I would go beyond that and say that the reason most networks people use do not tamper with the traffic is because most people use TLS nowadays. Not too long ago, it was very common for networks to use a "transparent HTTP proxy", intercepting all TCP port 80 traffic and redirecting it to a separate box with a caching HTTP proxy like Squid, in an attempt to reduce the traffic. This sucked whenever the HTTP proxy misbehaved (which was not uncommon; many operators seemed to configure it to cache more than it should). Since nowadays most HTTP traffic is protected by TLS, transparent caching HTTP proxies no longer provide a relevant reduction in the bandwidth use, and so they became less common.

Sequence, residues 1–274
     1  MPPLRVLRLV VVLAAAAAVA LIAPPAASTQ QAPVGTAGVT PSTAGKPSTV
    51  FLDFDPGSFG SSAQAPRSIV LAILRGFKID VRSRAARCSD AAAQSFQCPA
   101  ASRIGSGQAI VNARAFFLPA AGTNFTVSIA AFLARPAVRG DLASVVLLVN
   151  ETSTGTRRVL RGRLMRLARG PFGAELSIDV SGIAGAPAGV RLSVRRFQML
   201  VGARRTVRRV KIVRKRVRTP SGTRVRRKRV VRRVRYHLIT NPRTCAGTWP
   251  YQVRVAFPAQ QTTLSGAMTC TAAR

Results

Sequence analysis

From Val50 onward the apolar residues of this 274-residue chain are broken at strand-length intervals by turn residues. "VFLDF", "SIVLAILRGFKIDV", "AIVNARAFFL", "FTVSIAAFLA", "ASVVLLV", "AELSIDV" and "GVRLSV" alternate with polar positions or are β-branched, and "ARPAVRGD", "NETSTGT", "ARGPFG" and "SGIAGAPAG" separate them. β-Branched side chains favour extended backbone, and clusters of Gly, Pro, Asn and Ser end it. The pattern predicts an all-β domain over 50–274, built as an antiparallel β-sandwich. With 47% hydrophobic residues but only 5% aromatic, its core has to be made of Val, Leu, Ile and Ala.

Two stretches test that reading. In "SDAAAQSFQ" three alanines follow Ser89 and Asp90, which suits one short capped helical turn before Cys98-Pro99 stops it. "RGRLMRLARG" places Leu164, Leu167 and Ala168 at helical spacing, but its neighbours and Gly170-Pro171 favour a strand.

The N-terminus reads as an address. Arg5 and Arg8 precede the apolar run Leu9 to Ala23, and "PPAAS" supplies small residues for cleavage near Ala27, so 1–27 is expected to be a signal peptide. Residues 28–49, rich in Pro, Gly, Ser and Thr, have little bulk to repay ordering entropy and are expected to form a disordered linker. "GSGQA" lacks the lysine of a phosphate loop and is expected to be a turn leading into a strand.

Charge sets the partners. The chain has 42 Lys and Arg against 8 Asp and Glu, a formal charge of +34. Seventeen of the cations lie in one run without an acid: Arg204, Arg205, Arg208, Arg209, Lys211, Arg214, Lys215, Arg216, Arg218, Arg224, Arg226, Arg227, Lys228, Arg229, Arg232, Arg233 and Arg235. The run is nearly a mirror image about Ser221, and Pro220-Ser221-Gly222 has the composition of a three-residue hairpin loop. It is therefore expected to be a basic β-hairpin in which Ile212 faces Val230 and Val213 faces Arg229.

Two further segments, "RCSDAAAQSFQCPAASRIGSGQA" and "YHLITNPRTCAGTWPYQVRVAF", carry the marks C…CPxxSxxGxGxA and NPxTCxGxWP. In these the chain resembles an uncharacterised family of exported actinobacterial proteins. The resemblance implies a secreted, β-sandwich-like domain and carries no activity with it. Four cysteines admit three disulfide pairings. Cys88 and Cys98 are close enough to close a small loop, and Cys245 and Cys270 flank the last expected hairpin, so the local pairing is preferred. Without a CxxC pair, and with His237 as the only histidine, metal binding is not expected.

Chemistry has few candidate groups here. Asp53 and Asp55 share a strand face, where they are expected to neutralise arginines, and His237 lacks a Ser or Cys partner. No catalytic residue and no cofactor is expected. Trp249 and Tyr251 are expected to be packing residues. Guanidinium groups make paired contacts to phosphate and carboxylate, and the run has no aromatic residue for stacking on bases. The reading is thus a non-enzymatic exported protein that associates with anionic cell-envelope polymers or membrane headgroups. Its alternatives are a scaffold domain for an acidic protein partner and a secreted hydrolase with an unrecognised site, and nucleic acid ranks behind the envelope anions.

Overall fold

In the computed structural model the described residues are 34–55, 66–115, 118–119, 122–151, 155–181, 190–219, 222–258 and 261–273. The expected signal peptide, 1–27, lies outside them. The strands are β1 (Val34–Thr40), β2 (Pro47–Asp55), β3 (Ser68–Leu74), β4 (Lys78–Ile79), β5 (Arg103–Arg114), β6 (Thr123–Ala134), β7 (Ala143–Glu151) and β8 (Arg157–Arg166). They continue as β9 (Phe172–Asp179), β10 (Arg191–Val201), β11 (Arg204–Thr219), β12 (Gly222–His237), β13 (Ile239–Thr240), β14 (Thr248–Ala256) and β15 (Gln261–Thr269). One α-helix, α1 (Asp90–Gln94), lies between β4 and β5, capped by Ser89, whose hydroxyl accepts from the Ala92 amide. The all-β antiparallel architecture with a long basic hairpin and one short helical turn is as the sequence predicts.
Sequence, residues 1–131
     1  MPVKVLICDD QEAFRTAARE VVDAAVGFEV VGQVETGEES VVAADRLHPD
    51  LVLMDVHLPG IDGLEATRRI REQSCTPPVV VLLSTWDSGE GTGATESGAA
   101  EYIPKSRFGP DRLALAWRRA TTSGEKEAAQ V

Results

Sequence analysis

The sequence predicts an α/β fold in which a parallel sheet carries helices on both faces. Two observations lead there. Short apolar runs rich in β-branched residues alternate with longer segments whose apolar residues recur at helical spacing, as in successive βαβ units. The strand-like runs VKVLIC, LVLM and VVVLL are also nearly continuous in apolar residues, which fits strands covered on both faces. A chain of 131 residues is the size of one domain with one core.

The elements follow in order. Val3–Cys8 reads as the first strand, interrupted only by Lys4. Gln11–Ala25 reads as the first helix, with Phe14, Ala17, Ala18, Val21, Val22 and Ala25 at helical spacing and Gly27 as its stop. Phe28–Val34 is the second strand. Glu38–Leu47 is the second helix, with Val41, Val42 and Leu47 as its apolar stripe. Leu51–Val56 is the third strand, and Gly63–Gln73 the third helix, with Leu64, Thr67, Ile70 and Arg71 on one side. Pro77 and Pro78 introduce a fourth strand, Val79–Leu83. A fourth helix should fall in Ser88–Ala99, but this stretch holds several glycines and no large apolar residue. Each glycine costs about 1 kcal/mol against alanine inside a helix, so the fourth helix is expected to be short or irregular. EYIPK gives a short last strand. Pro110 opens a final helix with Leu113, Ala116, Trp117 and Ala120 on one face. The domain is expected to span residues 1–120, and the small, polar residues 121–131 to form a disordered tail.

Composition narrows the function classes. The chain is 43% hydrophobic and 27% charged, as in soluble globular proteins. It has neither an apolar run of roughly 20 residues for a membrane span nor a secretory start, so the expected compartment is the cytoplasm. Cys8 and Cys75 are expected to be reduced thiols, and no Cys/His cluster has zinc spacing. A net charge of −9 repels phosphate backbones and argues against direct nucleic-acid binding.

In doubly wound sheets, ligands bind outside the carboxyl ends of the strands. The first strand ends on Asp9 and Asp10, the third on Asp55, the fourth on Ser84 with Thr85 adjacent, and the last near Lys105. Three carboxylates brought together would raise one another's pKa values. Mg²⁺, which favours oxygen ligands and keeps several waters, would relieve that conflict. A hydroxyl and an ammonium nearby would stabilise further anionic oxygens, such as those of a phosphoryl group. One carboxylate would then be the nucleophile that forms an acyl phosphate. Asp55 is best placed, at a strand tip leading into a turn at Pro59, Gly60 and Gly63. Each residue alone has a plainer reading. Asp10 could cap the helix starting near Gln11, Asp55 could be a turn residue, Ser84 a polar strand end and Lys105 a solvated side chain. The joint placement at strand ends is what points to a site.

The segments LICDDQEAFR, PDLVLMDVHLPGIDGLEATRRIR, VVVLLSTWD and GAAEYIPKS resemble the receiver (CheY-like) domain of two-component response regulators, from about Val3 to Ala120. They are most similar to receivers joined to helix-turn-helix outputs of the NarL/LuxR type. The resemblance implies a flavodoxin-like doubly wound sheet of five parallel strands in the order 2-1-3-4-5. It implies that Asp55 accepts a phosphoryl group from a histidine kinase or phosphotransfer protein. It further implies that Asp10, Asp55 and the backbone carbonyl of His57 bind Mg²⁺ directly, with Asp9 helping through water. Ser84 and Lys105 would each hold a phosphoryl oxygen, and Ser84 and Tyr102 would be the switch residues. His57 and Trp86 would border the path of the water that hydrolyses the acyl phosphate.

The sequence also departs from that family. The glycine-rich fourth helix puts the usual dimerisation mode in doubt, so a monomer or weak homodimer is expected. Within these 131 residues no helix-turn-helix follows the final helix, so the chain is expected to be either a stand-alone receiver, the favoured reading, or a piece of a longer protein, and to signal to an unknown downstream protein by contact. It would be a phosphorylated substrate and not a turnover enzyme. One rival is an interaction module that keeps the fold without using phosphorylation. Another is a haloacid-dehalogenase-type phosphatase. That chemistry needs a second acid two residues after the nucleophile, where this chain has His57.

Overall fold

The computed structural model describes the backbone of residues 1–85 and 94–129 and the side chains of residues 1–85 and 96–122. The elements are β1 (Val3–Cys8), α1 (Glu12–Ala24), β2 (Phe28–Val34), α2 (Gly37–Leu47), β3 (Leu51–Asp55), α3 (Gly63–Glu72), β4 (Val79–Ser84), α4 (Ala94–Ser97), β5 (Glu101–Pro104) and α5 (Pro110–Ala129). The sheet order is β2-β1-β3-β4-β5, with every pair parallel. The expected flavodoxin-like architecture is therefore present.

The coffee shop router is the thread. Whether it's the coffee shop owner, an employee, somebody who hacked the router or just somebody who tricked you into going into their WiFi which is not actually the coffee shop's.

I don't have data on this, but I suspect usage of public Wi-Fi is going to keep declining in favor of cellular data as it becomes cheaper and data caps rise/go away

So, in that case, would TLS still be useful? It just seems like quite a lot of effort to ensure TLS everywhere because a small number of people use untrustworthy Wi-Fi networks


I still regularly use Wifi, e.g. on trains in rural areas, because mobile data is a lot more unstable there compared to the train wifi, especially at speed in rural areas. (Trains here usually have better antenna and often uplinks to multiple carriers)